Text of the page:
I’ve been seeking and reading more short webcomics for a while now and have compiled enough to share with you. From thought-provoking narratives to Queer experiences, these 18 short comics are my most recommended reads.
In between reading webcomics with complex storylines that make me eager to read the next episode, I browse through visual short stories that tell compelling narratives in a limited space. The list below is a mix of realism, fantasy, and nonfiction/memoir. Enjoy!
A short webcomic about a woman’s strained relationship with her mother. There’s no dialogue, but the body language and level of detail say all that there needs to be said. Effective.
A Sign by Amyra Mahat (Creator’s site is unavailable)
After an accident that had caused her hearing loss, Maya adjusts to sign language and writing to communicate at her job and with friends. She keeps note of things she shouldn’t do in a ‘No’ list. A story about taking risks and stepping outside of your comfort zone when confronting changes.
A witch named Kotoura rescues princess Yvette from a tower. A cute and lovely lesbian fairy tale.
A short webcomic about five characters making their way through the journey called life. Ohtli means road in Nahuatl (the Aztec language). These poignant and compelling narratives have gotten me eager to read the next episode.
A spin-off fictional short webcomic from the slice of life series, Sesame But Different. Every time Poppy professes her love to Chia, she disappears. Chia gets sent to an alternative universe each time. Each time, she has to meet Poppy all over again. A well-told story about the different ways and situations where you find your soulmate.
Heirloom by ihsus (Creator’s site is unavailable)
John wants to make Tomato soup for his sick grandfather, so he buys the seeds from the store and plants them at home. A simple yet endearing story.
A Fishy Dream by HusenWaheed (Creator’s site is unavailable)
A fisherman’s daughter drifts off to sleep and dreams about fishing. This short webcomic contains no dialogue, and yet it conveys the message through images so well.
This short story has exceeded my expectations. It’s a historical mystery, but it’s so much more than that. Amelia Harris is a complicated character, and I found myself invested in her story right through the very end. The locked doors serve as a great metaphor for trauma and repressed memories.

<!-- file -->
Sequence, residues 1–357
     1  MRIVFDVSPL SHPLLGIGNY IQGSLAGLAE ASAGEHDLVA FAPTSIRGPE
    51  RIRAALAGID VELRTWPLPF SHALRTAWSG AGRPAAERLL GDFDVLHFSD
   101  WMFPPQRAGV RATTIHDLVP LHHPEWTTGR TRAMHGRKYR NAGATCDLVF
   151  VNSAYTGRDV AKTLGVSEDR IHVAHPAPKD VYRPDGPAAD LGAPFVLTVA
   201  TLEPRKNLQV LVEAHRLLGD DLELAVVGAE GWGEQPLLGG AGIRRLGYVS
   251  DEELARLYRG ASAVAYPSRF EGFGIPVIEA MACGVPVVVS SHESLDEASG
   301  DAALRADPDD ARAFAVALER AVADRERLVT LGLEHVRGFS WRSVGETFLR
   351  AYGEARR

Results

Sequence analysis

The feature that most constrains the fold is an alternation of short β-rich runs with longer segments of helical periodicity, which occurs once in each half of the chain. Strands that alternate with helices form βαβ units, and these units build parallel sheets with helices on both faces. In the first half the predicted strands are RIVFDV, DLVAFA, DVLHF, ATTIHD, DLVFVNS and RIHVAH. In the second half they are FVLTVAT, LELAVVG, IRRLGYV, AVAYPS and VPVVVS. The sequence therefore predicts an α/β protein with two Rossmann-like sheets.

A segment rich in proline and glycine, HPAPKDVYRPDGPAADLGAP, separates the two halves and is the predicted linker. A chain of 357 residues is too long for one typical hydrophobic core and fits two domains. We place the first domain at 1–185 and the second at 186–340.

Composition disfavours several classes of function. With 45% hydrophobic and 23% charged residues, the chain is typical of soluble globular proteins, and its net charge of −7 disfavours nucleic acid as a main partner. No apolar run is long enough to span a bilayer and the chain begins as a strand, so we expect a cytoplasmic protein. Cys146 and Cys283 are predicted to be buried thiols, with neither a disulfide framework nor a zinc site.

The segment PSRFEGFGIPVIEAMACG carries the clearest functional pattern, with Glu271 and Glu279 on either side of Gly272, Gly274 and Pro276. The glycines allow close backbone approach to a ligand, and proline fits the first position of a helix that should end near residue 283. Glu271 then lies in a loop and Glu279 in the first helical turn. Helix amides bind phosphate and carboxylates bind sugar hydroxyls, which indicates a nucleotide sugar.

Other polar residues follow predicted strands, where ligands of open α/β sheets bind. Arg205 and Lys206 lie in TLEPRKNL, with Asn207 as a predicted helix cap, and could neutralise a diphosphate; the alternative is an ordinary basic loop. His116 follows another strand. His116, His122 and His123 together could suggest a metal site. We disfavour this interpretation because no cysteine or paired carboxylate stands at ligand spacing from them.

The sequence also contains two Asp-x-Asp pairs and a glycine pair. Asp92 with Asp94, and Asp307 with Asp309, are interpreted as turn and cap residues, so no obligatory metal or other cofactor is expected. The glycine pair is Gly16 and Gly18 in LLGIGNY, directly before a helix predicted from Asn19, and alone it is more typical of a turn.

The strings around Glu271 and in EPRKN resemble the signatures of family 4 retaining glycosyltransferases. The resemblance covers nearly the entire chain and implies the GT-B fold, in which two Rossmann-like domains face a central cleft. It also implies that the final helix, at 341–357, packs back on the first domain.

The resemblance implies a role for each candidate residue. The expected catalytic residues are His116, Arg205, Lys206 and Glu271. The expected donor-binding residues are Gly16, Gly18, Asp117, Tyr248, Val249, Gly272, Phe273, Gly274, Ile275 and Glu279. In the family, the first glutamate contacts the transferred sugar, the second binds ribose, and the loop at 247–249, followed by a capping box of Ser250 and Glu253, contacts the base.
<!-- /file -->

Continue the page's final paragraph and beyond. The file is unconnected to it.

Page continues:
At the start of her senior year, Amaris finds that Kira, her former best friend, is in the same homeroom. Kira doesn’t talk to her, but Amaris is hoping for the opposite one day. A truly hopeful narrative about reconciliation.
A boy in Kansas runs away from home but finds a reason to come back. This short webcomic is a great example of how to subtly tell a character’s backstory and or motivation within a limited space/time frame.
A story about a Ninja finding redemption and trust. An emotional story with great character dynamics.
This is Little Red Riding Hood but with an unexpected twist. The creator says that it might be expanded, but I personally think the story stands on its own.
Check out Sfera’s other webcomic, Wind Rose.
A runner-up for WebToon’s 2020 short story contest. A gorgeous (true) story about the creator’s grandmother, taking place in China during the Cultural Revolution.
Gwyn runs away from his problems and would rather not let anyone else know what’s been going on. However, wounds can’t stay invisible forever, and he realizes that he deserves love and support. An unexpected gem of a story.
A mage student tries to study at home, but her younger sister keeps interrupting her. When their argument escalates, the younger sister runs away. A sweet story.
When two girls meet for the first time, they grow horns. If they stay together, their horns would entangle and kill them. But they find a way through it. An evocative story about love’s persistence and how social restraints can damage relationships.
Probably one of the most astounding comics about gender I’ve read. I love and appreciate the message it wonderfully conveys. Gender diverse (nonbinary, trans, intersex, agender) people have always existed. Being outside the gender binary means more than just an identity.
Do you know of a good short webcomic? Feel free to comment below. I’d love to hear from you!
For more great webcomic recommendations, check out our Wednesday Webcomics archives!
Author: Brahidaliz Martinez
Brahidaliz (pronounced Bra-da-leez) is a 2019 graduate of American University’s MFA in creative writing program. They’re a submissions editor for Uncanny Magazine. Their various areas of interest include intersectionality in apocalyptic and disaster films, Artificial Intelligence, writing for animation, YA SFF, and LGBTQ+ representation in children’s media.
Location: DC Metro area
Read our before commenting.
Do not copy our content in whole to other websites. Linkbacks are encouraged.
Copyright © The Geekiary